My wise Aunt Peggy recently reminded me of the symbolism of my fiery dream and birthday ritual. We will come through this fire. It is up to us to enact the transformation, to shepherd was it valuable through the flames, and to bring it through to the other side. The force that guides this work must be viriditas, and it must involve reverance for the multitude of forms life, and growth, and the divine can take.
The house I grew up in was mostly unremarkable. It was like any number of one story ranch houses in our neighborhood, in a decidedly unhip, pre-TV show Nashville. My parents bought the house when I was on the way. We added on when I was about 11, at which time I got my own room. With a great deal of help, the Engineer built a deck that was to be one of the most well used parts of the house for years to come. We planted a garden. The Nurse got very proficient at tricks on a rope swing that hung from a favorite tree. We rehearsed plays for a community theater in the backyard and in the den, and we hosted cast parties and Christmas Eve open houses. Friends came and went via the backdoor and were told never to knock.
When my mother died in 2012, there was much talk among friends about memories of the house: eating pop tarts and watching MASH reruns, favorite plays, and of course parties. At the funeral, one friend spoke movingly about there being a sense of a church in our home, something that in large part I think my mother created, but that we all participated in in our own ways. It was a place people felt welcomed and cared for, a place people wanted to be.
I wrote some time ago about the house next door, which was torn down not too long ago to make way for something much more grandiose, what we call a McMansion. The conversion of this neighborhood has been going on for years, and at this point, our old home looks like a little out of place speck on a large lot, sandwiched between giants. The market is good, the time is right, and the Engineer needs to move on to a new sense of home, created elsewhere, for a new phase of his life. It’s sad to see the old neighborhood virtually disappear, and especially to see it becoming a place I would not necessarily want to live in.
It also has me thinking about that sense of home, church, welcome, and care. As much as the house was a symbol of it, steeped in it, felt through it, it is not in the house. Those intangible things as much as anything are the roots that I grew from. Those things stay with me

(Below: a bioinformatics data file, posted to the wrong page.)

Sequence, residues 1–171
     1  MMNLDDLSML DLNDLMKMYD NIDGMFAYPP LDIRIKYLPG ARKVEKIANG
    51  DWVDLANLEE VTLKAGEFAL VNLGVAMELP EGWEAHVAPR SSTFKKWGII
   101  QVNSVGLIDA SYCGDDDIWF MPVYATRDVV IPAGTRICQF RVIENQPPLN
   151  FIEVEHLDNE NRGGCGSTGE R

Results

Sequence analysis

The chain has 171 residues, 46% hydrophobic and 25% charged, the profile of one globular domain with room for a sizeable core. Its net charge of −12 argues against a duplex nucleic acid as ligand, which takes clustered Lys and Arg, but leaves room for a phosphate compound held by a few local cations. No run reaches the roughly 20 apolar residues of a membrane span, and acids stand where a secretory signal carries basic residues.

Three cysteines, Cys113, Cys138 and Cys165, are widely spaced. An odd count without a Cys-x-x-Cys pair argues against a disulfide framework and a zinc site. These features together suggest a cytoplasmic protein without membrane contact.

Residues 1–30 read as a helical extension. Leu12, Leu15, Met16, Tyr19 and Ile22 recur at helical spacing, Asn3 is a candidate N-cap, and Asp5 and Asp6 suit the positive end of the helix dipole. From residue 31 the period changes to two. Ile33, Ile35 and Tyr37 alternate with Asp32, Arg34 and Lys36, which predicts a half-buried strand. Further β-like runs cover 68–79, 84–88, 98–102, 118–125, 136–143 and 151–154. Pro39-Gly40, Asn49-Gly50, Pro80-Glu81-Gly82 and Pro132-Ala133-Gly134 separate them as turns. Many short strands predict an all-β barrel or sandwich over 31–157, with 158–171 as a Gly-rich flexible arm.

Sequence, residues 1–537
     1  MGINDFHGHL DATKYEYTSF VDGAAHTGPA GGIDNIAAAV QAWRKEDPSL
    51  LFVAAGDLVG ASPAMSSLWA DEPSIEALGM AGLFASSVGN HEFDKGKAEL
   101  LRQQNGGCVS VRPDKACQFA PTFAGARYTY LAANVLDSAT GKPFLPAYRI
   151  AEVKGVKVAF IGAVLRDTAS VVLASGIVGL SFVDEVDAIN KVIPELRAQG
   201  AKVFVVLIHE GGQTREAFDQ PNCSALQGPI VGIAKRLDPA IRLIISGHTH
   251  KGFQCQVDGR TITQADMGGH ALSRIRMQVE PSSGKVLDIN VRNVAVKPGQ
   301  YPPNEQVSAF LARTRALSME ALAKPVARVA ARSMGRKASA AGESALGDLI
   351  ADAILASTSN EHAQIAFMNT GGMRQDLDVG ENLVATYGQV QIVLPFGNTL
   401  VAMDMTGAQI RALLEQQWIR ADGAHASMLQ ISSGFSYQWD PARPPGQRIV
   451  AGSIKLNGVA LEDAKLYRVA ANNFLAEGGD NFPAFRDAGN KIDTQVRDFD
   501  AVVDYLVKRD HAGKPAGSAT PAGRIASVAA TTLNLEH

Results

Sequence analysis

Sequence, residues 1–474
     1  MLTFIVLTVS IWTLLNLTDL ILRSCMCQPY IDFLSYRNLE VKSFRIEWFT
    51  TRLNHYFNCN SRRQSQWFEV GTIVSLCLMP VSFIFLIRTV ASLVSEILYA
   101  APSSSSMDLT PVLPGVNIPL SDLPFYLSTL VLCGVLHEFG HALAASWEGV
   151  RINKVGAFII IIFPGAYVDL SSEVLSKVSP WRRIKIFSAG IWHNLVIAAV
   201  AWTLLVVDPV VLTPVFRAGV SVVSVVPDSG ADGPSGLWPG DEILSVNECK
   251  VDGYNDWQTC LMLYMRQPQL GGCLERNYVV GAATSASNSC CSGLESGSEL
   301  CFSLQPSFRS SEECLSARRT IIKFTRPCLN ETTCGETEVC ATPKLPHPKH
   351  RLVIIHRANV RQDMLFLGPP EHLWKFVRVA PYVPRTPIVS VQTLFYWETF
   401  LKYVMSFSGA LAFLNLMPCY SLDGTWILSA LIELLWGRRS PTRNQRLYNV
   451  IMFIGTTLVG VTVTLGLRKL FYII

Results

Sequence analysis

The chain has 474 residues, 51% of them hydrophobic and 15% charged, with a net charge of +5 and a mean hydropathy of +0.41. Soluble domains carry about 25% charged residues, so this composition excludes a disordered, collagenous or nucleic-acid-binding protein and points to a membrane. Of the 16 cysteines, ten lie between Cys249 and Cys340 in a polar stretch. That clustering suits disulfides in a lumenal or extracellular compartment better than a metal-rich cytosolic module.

We live in a time when we expect to have control over a lot of things. I’m not sure why, but I suspect Googling has a lot to do with it. Never has so much information (and misinformation) been so readily available to so many, and this has left us with the impression that we ought to be able to do know more, do more, have fewer (or perhaps no) limitations.
I see these ideas show up in my therapy practice the way memes show up on my Facebook feed.
One person is concerned with diet: nothing processed, all local, only the most nutrient-dense foods will do. Spinach is out because kale is better. He doesn’t understand why food has suddenly become so stressful and feels “not good enough” because one night he was exhausted after working late and ate pasta for dinner. Another person reads constantly about parenting and child development and fights terrible anxiety about the fact that she’s not home schooling her five year old. She feels responsible for personally controlling every aspect of her child’s education. Meanwhile, she’s sure she’s not good enough at her job, and she has a Pinterest board full of ideas for improving her marriage and feels bad about never having done any of them. A grieving person says her sister died three months ago, and she should be “over this” by now. She wants to know how to make herself feel better, because she should be able to, and somehow she must have just missed an important piece of information because she can’t seem to do it. These clients ask me to work with them on how they can do better, make sure they eat healthy all the time, be a better Mom and wife and professional, get over grief. Now. Today. Ok, maybe that’s not reasonable, but surely we can do it in 6 sessions or less?*
Buying into the control meme sets us up to fail. People come to therapy looking for “tools” and “resources” when the very last thing anyone needs is more tools or more resources. The very landscape in which we’re trying to live is where the problem resides. Often, trying to have that conversation is bewildering, and I simply run out of both words and energy.